First I arrive to Puno after an 8 hour night ride and wake up to see this as my view out of the bus window.
After rolling into town, I took a short walk only to run into a very kind couple I had met on the journey over. David and Ros absolutley brightened my evening with their enthusiasm towards my journey, especially the hand stand portion in which they partaked in!
I’m going to jump right into the purpose of my one night stay here in Puno, sounding just like it’s spelled is Lake Titicaca! Located on the border of Peru and Bolivia, about 3,811 meter above sea level, it’s the highest commercially navigable lake in the world. With man-made floating islands and several other occupied pieces of land, I thought a day trip was well worth my time.
The excursion started with a quick native music performance that led into a peaceful boat ride through this massive body of water. (By volume, it is the largest lake in South America).
Naturally, I got lucky and met a sweet couple from England that was all smiles and great fun to add to the day. Meet Sarah and Paul as we enjoyed the rooftop and attempted this tricky handstand. With limited space, a round surface completed with the rocking motion, she captured it on the first try!
Another power duo that brought me more inspiring conversation was Veronica from Ecuador and Harold from Columbia. Now residing in the states, they’re creating ways to support the youth abroad (look for her link soon!).
First stop is on of one of the many floating islands, home to about 2000 Uros. They live by fishing, weaving and now, tourism. As well as catching fish, they hunt birds such as seagulls, ducks and flamingos, and graze their cattle on the islets. They also run crafts stalls aimed at the numerous tourists who land on the islands each year. Although tourism provides financial opportunities for the natives, it personally gave me mixed feelings about being there. Was this their choice or am I just one more set of footprints on their sacred land?
Stepping onto the floating island gave you the sensation of walking on a mattress or firm trampoline covered in thick straw. Whether or not the natives were thrilled to have company, they maintained gentle smiles as they welcomed us. We got a lesson on a Totora reed that is often eaten for iodine, can be used to treat hangovers and used in tea. When in pain, the reed can be wrapped around the wound for relief and if it is hot outside, they roll the white part of the reed in their hands and split it open, placing the reed on their forehead as it’s cool to the touch. It tasted like fresh celery and lettuce, yum!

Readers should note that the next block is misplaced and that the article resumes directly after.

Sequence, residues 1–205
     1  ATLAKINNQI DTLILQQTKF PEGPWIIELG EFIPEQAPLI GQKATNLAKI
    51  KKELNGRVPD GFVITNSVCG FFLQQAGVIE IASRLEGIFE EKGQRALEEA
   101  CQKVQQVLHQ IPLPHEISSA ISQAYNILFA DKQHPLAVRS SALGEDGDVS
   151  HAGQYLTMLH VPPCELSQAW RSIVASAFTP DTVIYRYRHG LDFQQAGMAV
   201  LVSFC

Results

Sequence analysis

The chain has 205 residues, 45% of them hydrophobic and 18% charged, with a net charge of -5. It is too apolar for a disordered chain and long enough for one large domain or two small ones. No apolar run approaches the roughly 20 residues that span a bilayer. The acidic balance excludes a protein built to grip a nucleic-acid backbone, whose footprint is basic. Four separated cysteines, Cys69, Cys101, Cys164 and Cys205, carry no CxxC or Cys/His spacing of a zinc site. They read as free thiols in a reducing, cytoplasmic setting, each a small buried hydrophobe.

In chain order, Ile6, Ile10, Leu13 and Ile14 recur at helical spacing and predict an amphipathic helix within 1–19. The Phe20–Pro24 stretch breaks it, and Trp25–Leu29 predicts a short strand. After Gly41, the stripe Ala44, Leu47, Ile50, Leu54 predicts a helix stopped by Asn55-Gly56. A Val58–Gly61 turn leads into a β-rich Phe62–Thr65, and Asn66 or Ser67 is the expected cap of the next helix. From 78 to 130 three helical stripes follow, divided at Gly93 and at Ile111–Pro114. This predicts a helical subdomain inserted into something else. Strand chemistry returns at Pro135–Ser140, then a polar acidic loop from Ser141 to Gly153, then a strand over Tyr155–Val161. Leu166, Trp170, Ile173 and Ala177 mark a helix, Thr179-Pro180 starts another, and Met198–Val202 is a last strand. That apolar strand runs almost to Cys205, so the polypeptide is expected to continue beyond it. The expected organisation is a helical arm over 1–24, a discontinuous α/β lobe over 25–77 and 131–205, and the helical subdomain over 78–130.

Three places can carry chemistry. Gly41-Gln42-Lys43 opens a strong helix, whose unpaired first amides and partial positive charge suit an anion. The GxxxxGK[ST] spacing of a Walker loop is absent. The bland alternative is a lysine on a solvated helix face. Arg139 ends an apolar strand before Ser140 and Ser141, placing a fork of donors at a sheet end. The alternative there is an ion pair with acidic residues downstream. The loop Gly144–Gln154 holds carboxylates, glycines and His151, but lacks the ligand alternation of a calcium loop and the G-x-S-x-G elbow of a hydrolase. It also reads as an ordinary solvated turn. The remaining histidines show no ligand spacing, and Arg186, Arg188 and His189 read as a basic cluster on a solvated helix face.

I chose to stay back and check out the huts rather than taking the jaunt around in the traditional boat.
This is 18 year old Julia, a new mother that has lived her entire life on the island. I was so thankful that she was eager to sit and talk and even more joyful when she allowed her baby girl to reach out for me.
Another round with bright sights and kind people as we wrap up this stop.
After about an hour we headed for one of the largest islands called Taquile. Once you dock, it’s a solid climb to the central plaza for a gorgeous panoramic view. I hope the photos give you at least a partial idea of the incline that these natives live with everyday. Keep a lookout for the elderly man carrying stock up the hill behind me!
This is a ceremony happening in the center where the “leaders” gather and discuss issues in regards to the island. The hats represent the status of the men and the women are wearing garments that shows she’s married to a political figure.
Noon hits and we’re guided (by a local in sweet sneakers!) to our hill top lunch that is really in someone’s front yard! Here, the buildings make as homes, tienda’s and restaurants. Up, up we go again!
Take a seat, enjoy the view and meet Katrina and Emma. These friendly ladies were traveling here from England and made for great lunch dates! We were served quinoa soup and homemade bread with raw salsa. For the main dish, Trout that was caught that morning! There’s no electricity on the island, therefore they can’t keep fish for long resulting in the real use of the term “fresh catch of the day”. Dessert was hot tea made with coca and mint leaves.
Now for the photo tour of the walk down the other side of the hill.
The sky darkened as we made our way back to Puno.
Although today was uniquely entertaining, I’m already looking forward to my departure tomorrow. Returning to one of my favorite cities in South America… I’ll see ya soon Cusco!